Religion news 16 January 2024

Image credit: jasleen_kaur. CCLicense2.0

UK Sikhs warned lives in danger over support for Khalistan

The Times reports that Sikhs living in Britain have been warned by police that their lives are in danger amid increased tension over the separatist movement in India.  The warning follows the killing of Sikh separatist Hardeep Singh Nijjar in British Columbia last year, in which the Canadian PM said India was implicated. Three days earlier, another Sikh separatist Avtar Singh Khanda, died in Birmingham from a sudden illness which his family are contesting as suspicious. The report says West Midlands police have handed out “Osman notices” warning of a threat to life, fearing further links to these deaths. Sikh community leaders have warned that protesters calling for Khalistan independence have been placed on lists by the Indian government, labelling them enemies of the state, with one Sikh spokesman saying leaders have been warned not to travel alone. Full story by Amardeep Bassey and Fiona Hamilton here

Government moves to ban Hizb ut-Tahrir

The government is proscribing the Islamist group Hizb ut-Tahrir as a terrorist organisation, accusing it of praising the Hamas attacks.  The BBC explains that Hizb ut-Tahrir was founded in 1953 as an international political movement calling for a single Islamic government across the Muslim world. The ban under UK terrorism laws comes after followers were accused of chanting “jihad” at a pro-Gaza rally. The Home Secretary James Cleverly said the group was antisemitic and actively promoted and encouraged terrorism, which it denies. The ban means that people belonging to it, inviting or showing public support will be breaking the law and could be jailed. Guardian explainer here

Pope doubles down on decision to allow same sex blessings

Pope Francis has spoken of the opposition to his decision to allow blessings of same sex couples, so long as it did not form part of a liturgy.  In an interview on Italian TV, he confirmed his decision saying “the Lord blesses everyone”. He said the resistance, including from African bishops who have refused to conduct blessings, was because bishops didn’t understand the issue and refused to open a dialogue about it.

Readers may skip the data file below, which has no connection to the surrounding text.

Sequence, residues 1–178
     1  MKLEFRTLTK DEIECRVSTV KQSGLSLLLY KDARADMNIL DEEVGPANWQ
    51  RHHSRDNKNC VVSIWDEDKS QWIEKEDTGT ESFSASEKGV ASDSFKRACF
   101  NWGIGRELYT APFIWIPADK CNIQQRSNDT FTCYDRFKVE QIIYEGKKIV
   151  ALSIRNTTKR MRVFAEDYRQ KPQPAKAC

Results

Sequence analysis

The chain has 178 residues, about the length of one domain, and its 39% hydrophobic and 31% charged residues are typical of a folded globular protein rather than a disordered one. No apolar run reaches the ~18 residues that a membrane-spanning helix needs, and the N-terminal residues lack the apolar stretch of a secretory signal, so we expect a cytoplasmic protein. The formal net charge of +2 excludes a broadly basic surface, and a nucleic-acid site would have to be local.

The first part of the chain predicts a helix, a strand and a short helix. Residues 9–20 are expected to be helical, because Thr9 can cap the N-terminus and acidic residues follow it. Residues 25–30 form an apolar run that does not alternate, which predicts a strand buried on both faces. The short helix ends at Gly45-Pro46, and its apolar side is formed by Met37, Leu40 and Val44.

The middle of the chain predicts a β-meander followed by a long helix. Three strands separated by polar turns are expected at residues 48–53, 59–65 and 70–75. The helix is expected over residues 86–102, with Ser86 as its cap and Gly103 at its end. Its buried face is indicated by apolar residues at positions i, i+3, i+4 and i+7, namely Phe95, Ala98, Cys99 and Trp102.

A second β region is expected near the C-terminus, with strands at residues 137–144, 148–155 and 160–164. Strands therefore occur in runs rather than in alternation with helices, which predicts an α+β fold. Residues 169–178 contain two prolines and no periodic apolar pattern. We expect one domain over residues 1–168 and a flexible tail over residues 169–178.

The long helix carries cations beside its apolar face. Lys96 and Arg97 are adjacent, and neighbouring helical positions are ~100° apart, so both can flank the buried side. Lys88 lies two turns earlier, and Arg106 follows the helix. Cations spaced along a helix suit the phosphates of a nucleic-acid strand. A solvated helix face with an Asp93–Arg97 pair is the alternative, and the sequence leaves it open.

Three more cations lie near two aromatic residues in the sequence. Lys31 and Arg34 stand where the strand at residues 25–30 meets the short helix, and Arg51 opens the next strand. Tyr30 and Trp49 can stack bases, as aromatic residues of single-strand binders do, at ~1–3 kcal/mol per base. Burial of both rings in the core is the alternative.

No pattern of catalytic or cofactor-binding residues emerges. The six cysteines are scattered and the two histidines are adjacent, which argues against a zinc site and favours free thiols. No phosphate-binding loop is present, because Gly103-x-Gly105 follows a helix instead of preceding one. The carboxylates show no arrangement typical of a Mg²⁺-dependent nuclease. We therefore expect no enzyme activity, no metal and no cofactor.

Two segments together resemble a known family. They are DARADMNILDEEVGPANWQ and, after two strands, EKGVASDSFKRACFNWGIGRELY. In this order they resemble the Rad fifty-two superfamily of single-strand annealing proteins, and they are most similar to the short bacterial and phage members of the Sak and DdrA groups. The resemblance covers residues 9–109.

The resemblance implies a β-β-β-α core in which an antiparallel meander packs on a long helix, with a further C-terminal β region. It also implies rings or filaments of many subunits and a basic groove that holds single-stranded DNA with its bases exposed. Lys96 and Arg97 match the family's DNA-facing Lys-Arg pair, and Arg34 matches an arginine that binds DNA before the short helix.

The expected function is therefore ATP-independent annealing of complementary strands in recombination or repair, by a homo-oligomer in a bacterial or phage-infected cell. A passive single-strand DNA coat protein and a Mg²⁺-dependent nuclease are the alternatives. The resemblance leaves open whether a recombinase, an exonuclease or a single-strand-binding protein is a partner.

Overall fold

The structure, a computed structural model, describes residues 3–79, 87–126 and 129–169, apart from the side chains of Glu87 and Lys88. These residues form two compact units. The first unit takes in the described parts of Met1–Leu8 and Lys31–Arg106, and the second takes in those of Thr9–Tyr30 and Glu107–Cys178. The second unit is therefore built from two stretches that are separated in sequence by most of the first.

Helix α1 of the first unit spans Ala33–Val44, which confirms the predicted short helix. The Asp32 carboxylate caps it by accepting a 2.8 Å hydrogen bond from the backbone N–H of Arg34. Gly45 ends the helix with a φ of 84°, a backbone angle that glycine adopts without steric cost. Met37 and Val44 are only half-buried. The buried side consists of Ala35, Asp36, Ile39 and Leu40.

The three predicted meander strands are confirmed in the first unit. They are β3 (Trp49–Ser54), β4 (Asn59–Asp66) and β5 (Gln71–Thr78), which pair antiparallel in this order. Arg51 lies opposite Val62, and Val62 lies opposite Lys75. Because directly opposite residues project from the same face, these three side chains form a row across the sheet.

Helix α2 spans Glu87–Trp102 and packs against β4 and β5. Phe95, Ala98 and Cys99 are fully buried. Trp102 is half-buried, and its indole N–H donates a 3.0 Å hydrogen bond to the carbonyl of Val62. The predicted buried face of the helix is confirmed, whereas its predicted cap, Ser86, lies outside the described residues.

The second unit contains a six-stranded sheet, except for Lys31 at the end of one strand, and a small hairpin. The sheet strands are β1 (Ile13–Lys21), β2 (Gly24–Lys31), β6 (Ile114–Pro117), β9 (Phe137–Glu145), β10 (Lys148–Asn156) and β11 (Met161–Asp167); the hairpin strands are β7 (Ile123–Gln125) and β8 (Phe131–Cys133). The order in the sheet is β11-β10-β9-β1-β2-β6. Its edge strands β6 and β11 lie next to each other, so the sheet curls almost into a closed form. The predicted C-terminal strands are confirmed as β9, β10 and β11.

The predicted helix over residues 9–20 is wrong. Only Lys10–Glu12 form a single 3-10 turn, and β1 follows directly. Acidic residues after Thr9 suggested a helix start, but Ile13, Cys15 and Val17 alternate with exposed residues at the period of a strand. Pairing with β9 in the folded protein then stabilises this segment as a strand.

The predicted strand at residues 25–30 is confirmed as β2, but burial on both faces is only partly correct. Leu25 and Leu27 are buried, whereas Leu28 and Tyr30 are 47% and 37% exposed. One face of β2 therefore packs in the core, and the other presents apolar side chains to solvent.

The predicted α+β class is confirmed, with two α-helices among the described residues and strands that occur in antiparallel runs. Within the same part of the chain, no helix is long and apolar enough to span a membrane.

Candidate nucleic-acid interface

Former Queen’s chaplain calls on Justin Welby to quit

The Telegraph has seen a social media post from the Rev Canon Jeremy Haselock, the Queen’s former chaplain, where he says Justin Welby should quit over claims he backed Paula Vennells to be Bishop of London. Canon Haselock, now an associate priest at Great St Bartholomew’s in the City of London, is quoted saying: “Surely this is the point at which Welby must go. Another demonstration of his complete lack of sound judgment. His backing for this woman for episcopal office shows how completely he fails to understand the nature of that office”. The Telegraph said Lambeth Palace declined to comment. Full story here

The “Africa six” women bishops meet in Kenya to discuss the future

Six African Anglican female bishops, known as the “Africa Six”, have gathered at St Paul’s University in Nairobi, Kenya, to share their views on “Christian Leadership for the 21st Century”, in a meeting attended by more than 500 people. The church in Africa is known for conservative views, but women are elected bishops in Eswatini, South Africa, Lesotho, Kenya, South Sudan, Mozambique and Angola.  Addressing the meeting, they said they carried the flag for women and leadership was about “going through the fire to purify for those who come next.”  Hosting the meeting, Prof. Esther Mombo, senior lecturer at the university, said: “For a long time, women have been in the pews and men have been at the altar. Now, the “Africa Six” and others in the ecumenical family are creating room for many more female leaders who rise from the pews and take on leadership roles”.

New church district in Scotland covers almost half the landmass

A newly formed Presbytery, district, of The Church of Scotland, covering almost half Scotland’s landmass, has been formed from the Mull of Kintyre to John O’Groats and the Western Isles to West Moray. It includes more than 100 congregations together known as Clèir Eilean, the Island Presbytery,  Members will meet in local hubs as well as online, local preachers and worship leaders are being trained up and communion is held online. Re-organisation was made necessary by falling numbers and the cost of maintaining buildings and clergy.


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